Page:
If the required evidence is not submitted within the period herein prescribed, the property shall be listed as Taxable in the assessment roll. However, if the property shall be proven to be tax exempt, the same shall be dropped from the assessment roll.”
IV. We now tackle the fourth issue. Whether or not NGCP is liable for the
realty taxes due on subject properties for the years 2001 through 2008.
Petitioner-Appellant states that the power transmission operation of
TRANSCO was formally turned-over to NGCP on January 15, 2009; that, under
the Concession Agreement by and among PSALM, TRANSCO and NGCP, it
was agreed that during the concession period, NGCP will only assume the
obligation of TRANSCO to pay real property taxes on its properties not
otherwise exempt from the payment of real property taxes; and that NGCP
should not be made liable for the realty taxes due on subject properties for the
years 2001 through 2009. For the real property tax from 15 January 2009,
however, NGCP reiterates its supposed exemption therefrom pursuant to
Section 9 of RA No. 9511.
Records show that subject properties are declared in the name of
NATIONAL POWER CORPORATION/TRANSCO. A “2nd & FINAL NOTICE OF
DEMAND” was served upon the “Manager, NATIONAL POWER
CORPORATION/TRANSCO, Bgy. Kabancalan, Cebu City for each of the TDs:
on September 16, 2009 for TD COO-019-05574 and on September 21, 2009 for
TDs COO-019-005580 and COO-019-05581. The Final Notices of Demand
stated that a “NOTICE OF DELINQUENCY IN THE PAYMENT OF REAL
PROPERTY TAXES” was served on NPC/TRANSCO for Tax Declaration (TD)
COO-019-05581 on August 3, 2008; for TD COO-019-05580 on September 3,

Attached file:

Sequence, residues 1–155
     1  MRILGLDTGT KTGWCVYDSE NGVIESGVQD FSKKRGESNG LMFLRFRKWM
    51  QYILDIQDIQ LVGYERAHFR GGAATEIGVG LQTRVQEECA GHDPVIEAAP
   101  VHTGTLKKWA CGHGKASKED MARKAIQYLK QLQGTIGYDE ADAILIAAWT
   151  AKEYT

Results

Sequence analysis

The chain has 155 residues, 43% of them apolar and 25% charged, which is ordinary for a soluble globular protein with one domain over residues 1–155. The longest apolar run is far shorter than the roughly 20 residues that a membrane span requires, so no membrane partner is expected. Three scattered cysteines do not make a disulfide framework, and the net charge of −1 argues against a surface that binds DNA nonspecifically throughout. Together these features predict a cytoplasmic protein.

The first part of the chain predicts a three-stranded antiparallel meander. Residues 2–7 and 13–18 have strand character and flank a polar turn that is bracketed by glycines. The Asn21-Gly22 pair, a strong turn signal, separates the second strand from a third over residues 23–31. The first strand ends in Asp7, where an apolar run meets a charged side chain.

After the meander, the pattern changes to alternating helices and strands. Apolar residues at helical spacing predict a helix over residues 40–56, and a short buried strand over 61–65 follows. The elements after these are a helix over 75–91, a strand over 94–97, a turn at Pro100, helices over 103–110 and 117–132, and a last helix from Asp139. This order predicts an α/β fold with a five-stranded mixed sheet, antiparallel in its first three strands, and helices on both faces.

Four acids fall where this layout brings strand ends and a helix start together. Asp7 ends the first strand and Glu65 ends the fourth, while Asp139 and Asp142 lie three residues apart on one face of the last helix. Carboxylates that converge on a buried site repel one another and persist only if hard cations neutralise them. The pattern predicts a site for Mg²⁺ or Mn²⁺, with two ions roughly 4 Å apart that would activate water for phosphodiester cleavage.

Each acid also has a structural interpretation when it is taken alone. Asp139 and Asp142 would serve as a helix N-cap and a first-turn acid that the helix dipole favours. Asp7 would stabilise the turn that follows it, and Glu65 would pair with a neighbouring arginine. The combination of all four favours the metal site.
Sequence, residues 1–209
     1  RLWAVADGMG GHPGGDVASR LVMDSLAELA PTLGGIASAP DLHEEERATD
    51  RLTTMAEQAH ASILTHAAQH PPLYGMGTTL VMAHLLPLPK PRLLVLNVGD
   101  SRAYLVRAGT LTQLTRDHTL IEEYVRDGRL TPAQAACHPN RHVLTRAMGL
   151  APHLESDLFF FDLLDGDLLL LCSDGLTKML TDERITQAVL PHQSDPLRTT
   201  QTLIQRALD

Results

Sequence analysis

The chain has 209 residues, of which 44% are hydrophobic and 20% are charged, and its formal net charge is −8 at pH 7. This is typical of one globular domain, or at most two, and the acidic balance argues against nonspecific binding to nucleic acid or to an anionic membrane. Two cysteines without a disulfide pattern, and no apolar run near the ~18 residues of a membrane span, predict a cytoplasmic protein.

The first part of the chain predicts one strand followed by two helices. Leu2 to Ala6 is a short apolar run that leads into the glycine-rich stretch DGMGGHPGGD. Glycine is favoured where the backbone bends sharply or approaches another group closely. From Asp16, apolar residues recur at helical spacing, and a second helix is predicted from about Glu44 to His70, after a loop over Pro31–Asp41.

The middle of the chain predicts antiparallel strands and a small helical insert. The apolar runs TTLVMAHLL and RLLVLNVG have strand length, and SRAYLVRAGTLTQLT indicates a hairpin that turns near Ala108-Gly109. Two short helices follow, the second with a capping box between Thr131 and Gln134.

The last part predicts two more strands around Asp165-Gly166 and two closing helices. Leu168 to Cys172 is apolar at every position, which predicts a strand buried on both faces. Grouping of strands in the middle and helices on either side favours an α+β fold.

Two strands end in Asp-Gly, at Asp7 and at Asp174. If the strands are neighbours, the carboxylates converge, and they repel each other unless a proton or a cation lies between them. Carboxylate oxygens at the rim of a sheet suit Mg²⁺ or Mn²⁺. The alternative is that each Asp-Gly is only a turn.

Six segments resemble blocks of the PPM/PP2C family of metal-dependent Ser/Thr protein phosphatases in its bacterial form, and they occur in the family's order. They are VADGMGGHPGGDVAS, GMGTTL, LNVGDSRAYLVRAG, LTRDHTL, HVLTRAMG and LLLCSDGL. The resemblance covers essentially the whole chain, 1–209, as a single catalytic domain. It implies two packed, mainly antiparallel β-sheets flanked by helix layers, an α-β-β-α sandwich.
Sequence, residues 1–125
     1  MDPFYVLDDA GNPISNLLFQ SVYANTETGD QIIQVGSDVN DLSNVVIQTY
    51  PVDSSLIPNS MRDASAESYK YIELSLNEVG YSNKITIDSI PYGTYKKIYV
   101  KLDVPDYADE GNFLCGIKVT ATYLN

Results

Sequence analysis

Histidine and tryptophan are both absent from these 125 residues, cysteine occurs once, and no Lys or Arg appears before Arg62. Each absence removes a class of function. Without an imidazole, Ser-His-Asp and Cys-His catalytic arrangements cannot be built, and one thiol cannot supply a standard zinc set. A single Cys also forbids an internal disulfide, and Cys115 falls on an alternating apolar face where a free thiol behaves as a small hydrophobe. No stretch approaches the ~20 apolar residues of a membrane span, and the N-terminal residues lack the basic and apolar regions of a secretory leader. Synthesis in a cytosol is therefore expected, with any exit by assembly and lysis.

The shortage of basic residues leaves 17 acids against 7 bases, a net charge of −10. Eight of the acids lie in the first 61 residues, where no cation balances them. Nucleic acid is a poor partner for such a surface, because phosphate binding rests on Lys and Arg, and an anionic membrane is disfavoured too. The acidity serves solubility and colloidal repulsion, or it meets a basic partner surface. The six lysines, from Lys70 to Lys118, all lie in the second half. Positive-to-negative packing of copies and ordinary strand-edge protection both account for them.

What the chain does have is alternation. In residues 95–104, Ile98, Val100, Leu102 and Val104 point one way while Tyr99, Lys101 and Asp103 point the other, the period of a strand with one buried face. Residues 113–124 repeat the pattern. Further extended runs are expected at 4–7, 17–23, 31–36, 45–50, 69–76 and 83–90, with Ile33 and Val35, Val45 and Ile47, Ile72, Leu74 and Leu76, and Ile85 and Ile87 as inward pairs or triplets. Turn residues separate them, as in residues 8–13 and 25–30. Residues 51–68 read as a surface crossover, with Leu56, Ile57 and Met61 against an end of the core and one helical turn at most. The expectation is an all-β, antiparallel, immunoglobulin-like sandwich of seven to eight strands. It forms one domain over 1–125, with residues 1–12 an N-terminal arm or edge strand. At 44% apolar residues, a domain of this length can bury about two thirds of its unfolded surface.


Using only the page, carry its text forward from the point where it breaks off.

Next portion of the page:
2008; and for TD COO-019-05574 on October 6, 2008.
NGCP, probably as occupant of the NPC/TRANSCO property, received
the Notices of Final Demand on September 24, 2009. Conscious of the fact
that its operations might be adversely affected if Respondent City Treasurer
went through the process of selling the subject properties at public auction,
NGCP paid under protest the total amount of P2,792,862.41 as demanded in
the Notices of Final Demand.
As stated in paragraph 27 of NGCP’s Memorandum on Appeal, the said
amount of P2,792,862.41 included taxes due for the years 2001 to 2008. The
Final Demands by the Office of the City Treasurer were directed at or intended
for the NPC/TRANSCO, not petitioner-appellant NGCP. The latter voluntarily
paid the whole amount demanded without, perhaps, conferring first with
NPC/TRANSCO as to who is ultimately liable for taxes for the years 2001 to
2008. If we order the Respondent City Treasurer to refund to petitioner-
appellant the amount corresponding to the taxes due for the years 2001 to
2008, Respondent City Treasurer may just exercise her duty to sell the subject
properties at public auction to protect the City of Cebu’s interest.
Therefore, we believe that the recourse of petitioner-appellant is to claim
from NPC/TRANSCO for refund of the said taxes due for the years 2001 to
V. The fifth and final issue is: Whether or not the subject properties
should be classified as “Special Classes of Real Property.
Petitioner-Appellant states that, assuming arguendo, that the subject
properties are not exempt from the payment of real property tax under R.A.
9511, the same should have been classified as Special Class under Sections
216 and 218 of the Local Government Code (LGC); that on the basis that
TRANSCO has retained ownership of the properties and that NGCP only